Edwin Rolfe was born Solomon Fishman to a working-class immigrant family in Philadelphia and was significantly influenced by his Jewish-Russian parents. Bertha and Nathan Fishman, both committed socialists and labor organizers, taught young Solomon to take up responsibility to correct the institutional injustice faced by the underprivileged. The Fishmans moved to New York in 1915, where Solomon attended New Utrecht High School and met Leo Hurwitz, later a pioneer in left-wing documentary filmmaking. Hurwitz, then the editor for the school magazine, was the young man’s first mentor in writing. Soloman began using the pen name Edwin Rolfe in the 1920’s, and by the 1930’s, he had become Edwin Rolfe.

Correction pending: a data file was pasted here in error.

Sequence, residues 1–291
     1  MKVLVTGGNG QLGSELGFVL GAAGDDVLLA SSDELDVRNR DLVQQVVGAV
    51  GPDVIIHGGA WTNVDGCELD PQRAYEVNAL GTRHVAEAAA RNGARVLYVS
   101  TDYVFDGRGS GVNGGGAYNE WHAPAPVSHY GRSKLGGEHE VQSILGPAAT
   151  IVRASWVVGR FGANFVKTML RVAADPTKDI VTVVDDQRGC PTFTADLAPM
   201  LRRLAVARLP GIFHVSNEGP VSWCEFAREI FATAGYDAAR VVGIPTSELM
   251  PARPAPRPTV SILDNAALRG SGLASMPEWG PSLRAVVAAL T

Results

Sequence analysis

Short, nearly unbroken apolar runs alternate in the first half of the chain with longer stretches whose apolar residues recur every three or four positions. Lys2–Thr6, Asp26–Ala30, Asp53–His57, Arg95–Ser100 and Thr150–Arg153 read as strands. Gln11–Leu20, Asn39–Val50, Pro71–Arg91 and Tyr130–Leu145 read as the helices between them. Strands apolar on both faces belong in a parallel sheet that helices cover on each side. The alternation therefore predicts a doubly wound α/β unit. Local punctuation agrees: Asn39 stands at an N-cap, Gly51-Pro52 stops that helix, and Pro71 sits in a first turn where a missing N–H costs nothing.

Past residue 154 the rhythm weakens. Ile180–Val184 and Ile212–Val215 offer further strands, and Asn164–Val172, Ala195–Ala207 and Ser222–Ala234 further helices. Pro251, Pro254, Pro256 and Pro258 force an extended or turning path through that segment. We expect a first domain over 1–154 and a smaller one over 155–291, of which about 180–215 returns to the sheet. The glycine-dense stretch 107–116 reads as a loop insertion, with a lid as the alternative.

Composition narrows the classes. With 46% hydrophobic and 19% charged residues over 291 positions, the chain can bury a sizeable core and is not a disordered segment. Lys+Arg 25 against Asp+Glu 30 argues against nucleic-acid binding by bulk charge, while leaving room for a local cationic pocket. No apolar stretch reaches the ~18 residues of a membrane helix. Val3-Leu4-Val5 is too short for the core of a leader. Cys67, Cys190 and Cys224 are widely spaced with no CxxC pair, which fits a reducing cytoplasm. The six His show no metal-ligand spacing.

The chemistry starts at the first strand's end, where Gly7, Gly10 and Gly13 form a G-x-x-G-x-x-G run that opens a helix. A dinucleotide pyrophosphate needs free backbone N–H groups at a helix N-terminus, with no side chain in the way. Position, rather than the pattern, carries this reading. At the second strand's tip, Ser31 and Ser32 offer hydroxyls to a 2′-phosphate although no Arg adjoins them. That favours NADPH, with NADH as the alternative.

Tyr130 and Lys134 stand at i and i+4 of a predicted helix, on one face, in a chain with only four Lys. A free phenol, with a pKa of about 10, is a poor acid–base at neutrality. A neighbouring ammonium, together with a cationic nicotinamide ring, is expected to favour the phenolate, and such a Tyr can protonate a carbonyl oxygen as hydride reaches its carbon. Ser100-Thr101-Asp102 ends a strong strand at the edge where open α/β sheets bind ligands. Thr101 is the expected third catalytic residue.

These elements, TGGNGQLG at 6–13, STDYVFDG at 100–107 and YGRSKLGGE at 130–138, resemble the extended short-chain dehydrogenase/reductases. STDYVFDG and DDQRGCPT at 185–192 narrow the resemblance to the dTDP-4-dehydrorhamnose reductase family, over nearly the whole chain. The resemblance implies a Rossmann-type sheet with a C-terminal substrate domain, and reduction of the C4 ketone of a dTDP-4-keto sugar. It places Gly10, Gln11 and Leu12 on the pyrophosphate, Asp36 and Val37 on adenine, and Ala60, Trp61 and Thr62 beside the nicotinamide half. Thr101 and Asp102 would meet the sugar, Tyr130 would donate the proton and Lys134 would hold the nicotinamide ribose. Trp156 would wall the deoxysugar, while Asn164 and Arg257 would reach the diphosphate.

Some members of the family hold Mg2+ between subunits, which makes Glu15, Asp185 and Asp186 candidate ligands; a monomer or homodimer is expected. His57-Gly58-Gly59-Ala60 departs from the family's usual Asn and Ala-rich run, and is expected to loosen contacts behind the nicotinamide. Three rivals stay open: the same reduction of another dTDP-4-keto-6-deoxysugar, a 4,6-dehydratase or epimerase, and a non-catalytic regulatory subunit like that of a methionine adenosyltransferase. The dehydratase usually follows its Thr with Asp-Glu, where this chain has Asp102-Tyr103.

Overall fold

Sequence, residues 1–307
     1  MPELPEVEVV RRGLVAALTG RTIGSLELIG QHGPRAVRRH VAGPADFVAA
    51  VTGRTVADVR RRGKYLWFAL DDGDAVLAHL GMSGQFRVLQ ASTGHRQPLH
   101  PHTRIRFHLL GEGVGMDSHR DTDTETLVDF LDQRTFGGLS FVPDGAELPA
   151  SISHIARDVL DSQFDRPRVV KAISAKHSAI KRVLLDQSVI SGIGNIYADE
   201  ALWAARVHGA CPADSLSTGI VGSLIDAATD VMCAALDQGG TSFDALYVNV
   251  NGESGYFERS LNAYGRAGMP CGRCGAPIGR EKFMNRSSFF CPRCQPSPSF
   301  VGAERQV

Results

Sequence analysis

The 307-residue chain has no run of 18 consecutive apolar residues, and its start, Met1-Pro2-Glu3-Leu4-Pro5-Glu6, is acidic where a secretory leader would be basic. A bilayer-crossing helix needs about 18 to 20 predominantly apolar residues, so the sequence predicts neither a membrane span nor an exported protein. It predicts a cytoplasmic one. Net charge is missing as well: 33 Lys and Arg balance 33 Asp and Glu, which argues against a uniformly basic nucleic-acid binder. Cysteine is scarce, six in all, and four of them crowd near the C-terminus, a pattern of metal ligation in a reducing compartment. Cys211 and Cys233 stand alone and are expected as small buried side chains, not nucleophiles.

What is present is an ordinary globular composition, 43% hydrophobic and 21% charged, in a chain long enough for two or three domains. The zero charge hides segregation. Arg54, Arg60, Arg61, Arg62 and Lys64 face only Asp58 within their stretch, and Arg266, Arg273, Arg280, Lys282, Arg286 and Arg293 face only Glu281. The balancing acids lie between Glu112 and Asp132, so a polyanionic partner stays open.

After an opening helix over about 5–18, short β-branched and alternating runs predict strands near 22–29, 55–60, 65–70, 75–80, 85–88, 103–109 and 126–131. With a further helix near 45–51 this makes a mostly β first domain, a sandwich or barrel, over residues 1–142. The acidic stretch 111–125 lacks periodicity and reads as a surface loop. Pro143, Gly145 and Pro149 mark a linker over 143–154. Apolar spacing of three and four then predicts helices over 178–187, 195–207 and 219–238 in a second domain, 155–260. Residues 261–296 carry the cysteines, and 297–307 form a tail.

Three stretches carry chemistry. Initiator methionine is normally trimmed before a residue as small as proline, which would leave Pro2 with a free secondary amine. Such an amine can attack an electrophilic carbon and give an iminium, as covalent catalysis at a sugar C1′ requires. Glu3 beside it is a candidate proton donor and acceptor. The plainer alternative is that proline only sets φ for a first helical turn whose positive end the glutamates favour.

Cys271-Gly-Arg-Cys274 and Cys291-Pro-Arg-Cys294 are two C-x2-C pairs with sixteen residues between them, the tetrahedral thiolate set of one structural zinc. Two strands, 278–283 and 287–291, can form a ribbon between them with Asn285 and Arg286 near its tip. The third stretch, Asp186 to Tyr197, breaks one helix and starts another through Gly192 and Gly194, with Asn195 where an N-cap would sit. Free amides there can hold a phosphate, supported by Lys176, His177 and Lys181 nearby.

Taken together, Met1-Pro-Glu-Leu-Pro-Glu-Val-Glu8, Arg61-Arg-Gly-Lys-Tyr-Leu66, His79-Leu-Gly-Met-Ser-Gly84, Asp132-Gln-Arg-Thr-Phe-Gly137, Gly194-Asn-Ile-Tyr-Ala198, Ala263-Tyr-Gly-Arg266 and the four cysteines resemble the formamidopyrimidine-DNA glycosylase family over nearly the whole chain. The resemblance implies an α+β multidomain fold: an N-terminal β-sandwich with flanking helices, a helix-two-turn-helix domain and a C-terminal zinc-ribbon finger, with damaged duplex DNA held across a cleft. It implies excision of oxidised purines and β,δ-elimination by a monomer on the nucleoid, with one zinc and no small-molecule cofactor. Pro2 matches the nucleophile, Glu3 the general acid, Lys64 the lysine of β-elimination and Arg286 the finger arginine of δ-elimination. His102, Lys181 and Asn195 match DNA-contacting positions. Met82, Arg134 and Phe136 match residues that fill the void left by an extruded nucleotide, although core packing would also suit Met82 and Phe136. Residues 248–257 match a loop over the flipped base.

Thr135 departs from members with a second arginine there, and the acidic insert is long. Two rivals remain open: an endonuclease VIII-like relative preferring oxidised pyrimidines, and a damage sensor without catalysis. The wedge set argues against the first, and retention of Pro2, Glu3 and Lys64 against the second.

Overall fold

Rolfe’s passion for writing developed into a career goal after he joined the Young Communist League in 1925 and Mike Gold’s Youth’s Literary Workshop in 1926. Between 1926 and 1929, he wrote poems, short stories, and reviews for Saturday Review and Daily Worker, but to support himself, he also had to work as a restaurant dishwasher, a shoe store assistant, a subway construction worker, and a punch press operator. Financial struggles and the necessity to keep marginal jobs marked the rest of his writing career.
Dissatisfied with the rigid loyalty demanded by the Communist Party, he enrolled, with a scholarship, in the Experimental College at the University of Wisconsin in fall, 1929; however, his commitment to socialism...
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